This August we’re focusing on young adults. For Young Adults August, we look into the over-representation of 17 to 25 year olds in road fatality statistics and some of the issues young drivers face.
Young adults make up the majority of Learner and P-Plate licence holders. Every one of us knows at least one young driver, whether that’s your child, niece or nephew, neighbour, friend, partner or even yourself.
Did you know this age group makes up 15% of licence holders but represents 25% of annual road fatalities?
So, why is there such an overrepresentation of young drivers in fatal crashes?
Lack of supervision and experience, use of older cars, peer pressure and increased risk-taking behaviours are some of the major factors.
Research shows that P-platers are significantly more likely to engage in some form of risky driving when compared to L-platers. Without a parent, guardian or driving instructor sitting next to them, young drivers have a newfound sense of freedom which may lead them to engage in risky driving. Pair this with a relative lack of experience and the risk increases starkly.
Unless someone is an amazing driving prodigy, there’s no shortcut to mastering the complex task of driving. Learner drivers usually drive on familiar roads and in manageable weather conditions. As a result, many young drivers are just not prepared for unforeseen circumstances, extreme weather conditions and many other situations that take time and practice to get accustomed to.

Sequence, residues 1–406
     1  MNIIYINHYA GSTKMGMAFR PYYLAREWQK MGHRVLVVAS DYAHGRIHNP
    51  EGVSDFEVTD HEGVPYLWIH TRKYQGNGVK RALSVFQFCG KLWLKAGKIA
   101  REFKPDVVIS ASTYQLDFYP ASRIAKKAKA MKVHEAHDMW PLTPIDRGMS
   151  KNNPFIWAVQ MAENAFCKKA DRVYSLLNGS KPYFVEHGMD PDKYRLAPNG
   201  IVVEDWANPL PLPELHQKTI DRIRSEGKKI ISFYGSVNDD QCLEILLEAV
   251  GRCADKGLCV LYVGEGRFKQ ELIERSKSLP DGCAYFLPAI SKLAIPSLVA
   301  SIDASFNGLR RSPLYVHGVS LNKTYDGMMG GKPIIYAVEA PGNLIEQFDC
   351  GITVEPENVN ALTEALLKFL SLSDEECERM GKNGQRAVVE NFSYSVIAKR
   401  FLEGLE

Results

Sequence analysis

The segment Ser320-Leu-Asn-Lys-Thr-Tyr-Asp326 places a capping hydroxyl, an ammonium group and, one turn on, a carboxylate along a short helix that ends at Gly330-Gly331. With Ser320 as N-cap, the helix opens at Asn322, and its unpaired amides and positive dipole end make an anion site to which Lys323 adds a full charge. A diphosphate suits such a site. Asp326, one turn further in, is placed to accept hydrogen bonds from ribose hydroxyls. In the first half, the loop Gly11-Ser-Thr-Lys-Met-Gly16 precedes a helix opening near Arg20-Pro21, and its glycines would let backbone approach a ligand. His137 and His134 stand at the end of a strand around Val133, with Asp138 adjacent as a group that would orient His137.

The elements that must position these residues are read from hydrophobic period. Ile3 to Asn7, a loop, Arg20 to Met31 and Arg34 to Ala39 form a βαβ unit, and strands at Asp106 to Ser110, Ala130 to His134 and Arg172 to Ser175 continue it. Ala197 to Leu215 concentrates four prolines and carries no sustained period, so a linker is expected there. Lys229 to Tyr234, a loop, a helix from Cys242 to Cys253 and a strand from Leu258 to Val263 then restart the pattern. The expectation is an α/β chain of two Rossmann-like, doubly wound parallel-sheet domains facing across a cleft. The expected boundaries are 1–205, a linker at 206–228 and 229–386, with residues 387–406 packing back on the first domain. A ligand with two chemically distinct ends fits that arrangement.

The next issue is old cars. In many instances young drivers get older cars as their first car but the importance of the age and safety of a car is critical in how well it holds up in a crash. A 2018 study showed that in the past five years, 80% of drivers under 17 who died on the roads were driving vehicles older than 10 years. Newer cars seem to be a safer choice for young drivers, likely due to enhanced crumple zone technology and new safety mechanisms, but the higher cost of a new cars makes an older car the logical choice for people just starting out in the workforce.
Young drivers are five times more likely to be involved in a car crash if there are young adult passengers in their car. This falls to two reasons; distraction and peer pressure. Passengers are a big source of distraction for all drivers but with young adults, the risk of getting into an accident increases drastically. Peer pressure is another factor, with a 2018 study showing 68% of young drivers admitted they felt intense peer pressure when driving.
Risk-taking behaviour generally peaks during 17-25 years of age. In particular, young males are more prone to take risks, show less social anxiety and are less sensitive to outcomes when taking risks.
Can this be attributed to the underdeveloped prefrontal cortex?
Located near the front of our brains, the prefrontal cortex influences our social behaviour, decision making and plays an important role in our personality, goals and values. As our brains develop from the back to the front, this particular section of our brain develops last. Functions like evaluating information, determining good and bad, maintaining social control and understanding long term consequences are overseen by the prefrontal cortex.
Although the prefrontal cortex fully develops in our mid to late 20s, some research suggests that this part of the brain begins to develop at around 21 years of age for females and at 25 for males.
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